The House bill contains far less stringent requirements for employers than an earlier version introduced this summer. Still, business lobbyists say the new version remains the most onerous of the health care reform bills introduced so far. It contains the public option plan, more stringent employer mandates, changes to ERISA, and business penalties that would go toward paying for reform.
“Everything we had said we were concerned with is still in there,” said Martin Reiser, chairman of the national Coalition on Benefits, an organization composed of 200 employers and employer groups—including Xerox, UPS and Target—and such organizations as the American Benefits Council, the National Association of Manufacturers and American’s Health Insurance Plans. “It’s a very big disappointment.”
Employers have opposed the creation of a publicly run health insurance plan from the start. Democratic leaders have begun to reach consensus that a publicly run health plan would negotiate rates with providers rather than set them arbitrarily, as rates are set by Medicare.
Employers believe the government would underpay doctors and hospitals. That in turn would lead medical providers to charge private employers and health insurers higher rates. The effect would be to increase costs and send healthier employees to find cheaper rates elsewhere.
“It sets up a fundamental system where the public plan will drain employees from employer system and underpay doctors that would ultimately shift costs to the private sector,” said Reiser, a manager of government policy for Norwalk, Connecticut-based Xerox.
Employers also are concerned about changes the House bill would make to ERISA, the federal law that allows multistate employers to circumvent state insurance regulations. The House bill would allow state law to govern legal disputes over health coverage. It would also restrict changes employers could make to retiree benefits and require employer-sponsored health coverage to meet federal requirements in five years.
The new House bill, which is 1,990 pages, is estimated to cost $894 billion and would reduce the deficit over 10 years by $30 billion, Democratic leaders said, citing an initial analysis by the Congressional Budget Office.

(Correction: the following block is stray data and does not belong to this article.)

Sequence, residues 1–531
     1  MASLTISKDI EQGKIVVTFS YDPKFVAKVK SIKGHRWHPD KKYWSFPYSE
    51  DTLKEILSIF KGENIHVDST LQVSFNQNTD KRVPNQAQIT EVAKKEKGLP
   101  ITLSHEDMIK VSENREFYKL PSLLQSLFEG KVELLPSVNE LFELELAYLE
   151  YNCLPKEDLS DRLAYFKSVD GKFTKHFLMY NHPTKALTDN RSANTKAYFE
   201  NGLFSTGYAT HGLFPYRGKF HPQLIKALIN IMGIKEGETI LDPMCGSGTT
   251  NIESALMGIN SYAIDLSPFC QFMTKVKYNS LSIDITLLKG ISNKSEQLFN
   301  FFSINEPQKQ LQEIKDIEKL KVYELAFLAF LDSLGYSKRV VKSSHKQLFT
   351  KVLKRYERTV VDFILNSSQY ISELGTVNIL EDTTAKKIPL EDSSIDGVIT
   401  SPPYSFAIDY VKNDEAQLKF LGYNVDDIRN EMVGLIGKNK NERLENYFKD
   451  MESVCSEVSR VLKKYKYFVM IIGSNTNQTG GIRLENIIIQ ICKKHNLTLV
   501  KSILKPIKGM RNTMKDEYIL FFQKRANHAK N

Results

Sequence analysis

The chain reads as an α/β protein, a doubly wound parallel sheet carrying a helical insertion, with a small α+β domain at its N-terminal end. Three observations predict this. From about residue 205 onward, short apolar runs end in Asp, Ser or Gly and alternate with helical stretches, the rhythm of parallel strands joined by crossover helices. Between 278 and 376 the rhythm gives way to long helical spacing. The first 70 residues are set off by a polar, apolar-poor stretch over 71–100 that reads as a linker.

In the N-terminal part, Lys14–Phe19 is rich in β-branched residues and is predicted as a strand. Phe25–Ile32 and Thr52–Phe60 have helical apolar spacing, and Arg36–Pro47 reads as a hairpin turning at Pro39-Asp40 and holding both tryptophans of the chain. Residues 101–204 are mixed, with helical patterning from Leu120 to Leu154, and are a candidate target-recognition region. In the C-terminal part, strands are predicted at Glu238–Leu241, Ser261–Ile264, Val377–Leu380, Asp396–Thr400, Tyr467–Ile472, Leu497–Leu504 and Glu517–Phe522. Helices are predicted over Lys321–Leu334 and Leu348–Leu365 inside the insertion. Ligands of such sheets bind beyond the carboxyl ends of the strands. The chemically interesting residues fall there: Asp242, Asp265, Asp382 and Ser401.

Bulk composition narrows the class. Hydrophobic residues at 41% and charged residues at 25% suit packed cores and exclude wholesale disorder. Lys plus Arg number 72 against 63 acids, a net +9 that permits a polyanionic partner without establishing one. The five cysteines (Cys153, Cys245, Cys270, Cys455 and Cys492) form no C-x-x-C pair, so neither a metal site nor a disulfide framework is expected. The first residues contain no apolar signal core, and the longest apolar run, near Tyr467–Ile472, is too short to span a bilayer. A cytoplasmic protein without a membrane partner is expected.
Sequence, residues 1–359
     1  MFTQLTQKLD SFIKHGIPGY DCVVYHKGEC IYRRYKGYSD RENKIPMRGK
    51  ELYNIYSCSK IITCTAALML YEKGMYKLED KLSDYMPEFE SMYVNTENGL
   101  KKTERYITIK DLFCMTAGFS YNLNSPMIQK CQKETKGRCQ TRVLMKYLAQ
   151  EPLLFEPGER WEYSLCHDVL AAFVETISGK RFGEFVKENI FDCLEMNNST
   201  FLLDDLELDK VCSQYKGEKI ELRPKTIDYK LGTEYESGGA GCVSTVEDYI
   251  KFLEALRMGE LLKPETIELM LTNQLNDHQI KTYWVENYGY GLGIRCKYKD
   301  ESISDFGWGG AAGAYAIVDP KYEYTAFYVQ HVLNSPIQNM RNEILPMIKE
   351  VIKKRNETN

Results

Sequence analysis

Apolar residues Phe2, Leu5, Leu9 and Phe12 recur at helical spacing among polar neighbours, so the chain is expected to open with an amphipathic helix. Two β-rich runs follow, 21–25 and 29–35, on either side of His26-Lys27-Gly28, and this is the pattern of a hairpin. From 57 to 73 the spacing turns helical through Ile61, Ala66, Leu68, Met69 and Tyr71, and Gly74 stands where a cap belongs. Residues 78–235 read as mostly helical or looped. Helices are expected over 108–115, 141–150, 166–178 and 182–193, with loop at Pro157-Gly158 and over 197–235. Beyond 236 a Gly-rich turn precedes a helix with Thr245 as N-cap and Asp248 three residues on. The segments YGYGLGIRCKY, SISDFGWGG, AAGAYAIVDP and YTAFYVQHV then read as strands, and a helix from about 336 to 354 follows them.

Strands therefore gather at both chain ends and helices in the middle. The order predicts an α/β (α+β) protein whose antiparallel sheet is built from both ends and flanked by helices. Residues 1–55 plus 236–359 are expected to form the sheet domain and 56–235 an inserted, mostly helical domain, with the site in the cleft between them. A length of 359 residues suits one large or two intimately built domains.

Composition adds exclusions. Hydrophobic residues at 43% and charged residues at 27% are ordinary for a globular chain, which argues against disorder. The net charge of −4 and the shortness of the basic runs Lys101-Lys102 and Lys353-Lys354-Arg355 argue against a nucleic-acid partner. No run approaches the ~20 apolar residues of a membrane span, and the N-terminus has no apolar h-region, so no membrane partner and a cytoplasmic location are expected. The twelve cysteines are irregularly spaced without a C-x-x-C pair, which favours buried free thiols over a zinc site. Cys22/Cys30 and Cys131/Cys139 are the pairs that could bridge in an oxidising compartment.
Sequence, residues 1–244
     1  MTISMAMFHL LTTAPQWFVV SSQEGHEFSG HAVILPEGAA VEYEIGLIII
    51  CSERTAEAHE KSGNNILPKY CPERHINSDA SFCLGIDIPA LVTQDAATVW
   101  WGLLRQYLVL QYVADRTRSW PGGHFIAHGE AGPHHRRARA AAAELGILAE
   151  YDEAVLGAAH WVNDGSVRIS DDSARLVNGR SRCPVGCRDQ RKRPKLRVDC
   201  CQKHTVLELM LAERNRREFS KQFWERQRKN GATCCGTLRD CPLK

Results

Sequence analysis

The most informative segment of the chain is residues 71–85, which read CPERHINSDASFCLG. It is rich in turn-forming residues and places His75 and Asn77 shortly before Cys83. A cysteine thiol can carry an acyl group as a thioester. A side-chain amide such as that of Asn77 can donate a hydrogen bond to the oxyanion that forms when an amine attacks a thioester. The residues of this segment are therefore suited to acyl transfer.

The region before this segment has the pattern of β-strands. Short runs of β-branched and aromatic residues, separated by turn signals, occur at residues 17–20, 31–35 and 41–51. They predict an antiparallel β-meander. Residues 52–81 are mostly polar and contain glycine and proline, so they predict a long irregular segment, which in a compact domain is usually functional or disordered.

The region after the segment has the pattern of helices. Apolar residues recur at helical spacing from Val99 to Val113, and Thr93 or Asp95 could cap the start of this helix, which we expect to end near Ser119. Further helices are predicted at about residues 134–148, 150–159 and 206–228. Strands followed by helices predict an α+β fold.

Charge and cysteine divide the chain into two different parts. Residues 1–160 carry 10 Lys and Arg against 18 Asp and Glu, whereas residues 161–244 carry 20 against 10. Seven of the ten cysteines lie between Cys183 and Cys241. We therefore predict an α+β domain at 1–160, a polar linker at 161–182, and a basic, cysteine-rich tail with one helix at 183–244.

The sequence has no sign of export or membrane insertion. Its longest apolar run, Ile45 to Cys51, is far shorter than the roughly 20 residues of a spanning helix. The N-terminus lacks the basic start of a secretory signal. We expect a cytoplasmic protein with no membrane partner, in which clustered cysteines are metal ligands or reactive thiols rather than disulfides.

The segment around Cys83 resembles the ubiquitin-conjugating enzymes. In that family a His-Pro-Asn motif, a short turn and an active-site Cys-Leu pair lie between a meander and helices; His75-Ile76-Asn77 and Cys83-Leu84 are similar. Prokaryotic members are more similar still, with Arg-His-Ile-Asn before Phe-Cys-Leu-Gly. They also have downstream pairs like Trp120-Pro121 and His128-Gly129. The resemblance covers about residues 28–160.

It would prohibit insurers from denying people coverage based on age or health condition and would eliminate lifetime limits on how much health care a person could receive. It would go into effect by 2013 and would include a requirement that all individuals purchase insurance. It would allow people up to age 27 to stay on their parents’ insurance plan.
Flanked by Democratic leaders in a ceremony in front of the Capitol, House Speaker Nancy Pelosi, D-California, likened the legislation to the social safety net laws that created Social Security and Medicare nearly 45 years ago.
“Today we are about to deliver on the promise of making quality, affordable health care available to all Americans, laying the foundation for a bright future for generations to come,” Pelosi said. “The drive for health care reform is moving forward.”
It’s unclear whether Pelosi currently has the 218 votes needed to approve the bill. Republicans immediately blasted the bill, saying it would harm businesses.
“It will raise the cost of Americans’ health insurance premiums; it will kill jobs with tax hikes and new mandates; and it will cut seniors’ Medicare benefits,” said House Minority Leader John Boehner, R-Ohio, in a statement.
Shortly after the bill was introduced at the Capitol, President Barack Obama spoke to small-business owners at the White House. Obama sought to reassure them that the House bill would exempt 86 percent of small businesses from a requirement to provide insurance.
An earlier House version would have exempted employers with payrolls below $250,000 from a requirement to provide health insurance coverage to employees. In the latest version, that threshold now stands at $500,000. A penalty would be gradually phased in for businesses with payrolls of between $500,000 and $1 million that do not provide adequate health coverage.
But these employers remained skeptical that other costs would not get passed on to them, said James Gelfand, senior manager for health policy at the U.S. Chamber of Commerce, who attended the meeting.
“We hope the White House will put their foot down when it comes to forcing small employers to provide something they already struggle to afford,” said Dan Danner, president and CEO of the National Federation of Independent Business, a lobby representing small-business owners. “We encourage them not to hide behind flexible [and often moveable] exemptions with job-killing contribution requirements and heavy penalties, as we’ve seen in the House bill.”
Although the bill would take effect in 2013 if approved, Democrats stressed that it contains immediate insurance relief. If passed, it would immediately extend COBRA payments for laid-off workers until the national insurance exchange is set up.
It would also immediately prohibit insurers from rescinding health policies and it would create a fund to help uninsured Americans with high health risks purchase health insurance in the current market.
The bill is heading for a vote on the House floor, perhaps as early as next week. Action on a Senate bill is likely a couple weeks away.